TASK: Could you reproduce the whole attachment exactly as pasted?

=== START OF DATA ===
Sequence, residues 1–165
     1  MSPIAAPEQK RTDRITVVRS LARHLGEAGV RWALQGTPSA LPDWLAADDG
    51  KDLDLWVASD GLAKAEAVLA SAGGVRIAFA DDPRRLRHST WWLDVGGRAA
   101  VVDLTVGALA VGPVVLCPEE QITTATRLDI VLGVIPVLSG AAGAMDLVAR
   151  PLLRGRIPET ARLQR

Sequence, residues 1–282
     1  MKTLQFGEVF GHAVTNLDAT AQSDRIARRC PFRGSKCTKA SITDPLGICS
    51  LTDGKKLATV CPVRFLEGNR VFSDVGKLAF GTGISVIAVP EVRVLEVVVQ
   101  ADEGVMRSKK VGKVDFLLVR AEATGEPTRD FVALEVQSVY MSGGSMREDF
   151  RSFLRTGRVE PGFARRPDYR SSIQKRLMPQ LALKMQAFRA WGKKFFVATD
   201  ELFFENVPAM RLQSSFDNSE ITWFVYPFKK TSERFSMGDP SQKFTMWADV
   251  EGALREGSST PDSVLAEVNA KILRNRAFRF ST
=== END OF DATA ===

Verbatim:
Sequence, residues 1–165
     1  MSPIAAPEQK RTDRITVVRS LARHLGEAGV RWALQGTPSA LPDWLAADDG
    51  KDLDLWVASD GLAKAEAVLA SAGGVRIAFA DDPRRLRHST WWLDVGGRAA
   101  VVDLTVGALA VGPVVLCPEE QITTATRLDI VLGVIPVLSG AAGAMDLVAR
   151  PLLRGRIPET ARLQR

Sequence, residues 1–282
     1  MKTLQFGEVF GHAVTNLDAT AQSDRIARRC PFRGSKCTKA SITDPLGICS
    51  LTDGKKLATV CPVRFLEGNR VFSDVGKLAF GTGISVIAVP EVRVLEVVVQ
   101  ADEGVMRSKK VGKVDFLLVR AEATGEPTRD FVALEVQSVY MSGGSMREDF
   151  RSFLRTGRVE PGFARRPDYR SSIQKRLMPQ LALKMQAFRA WGKKFFVATD
   201  ELFFENVPAM RLQSSFDNSE ITWFVYPFKK TSERFSMGDP SQKFTMWADV
   251  EGALREGSST PDSVLAEVNA KILRNRAFRF ST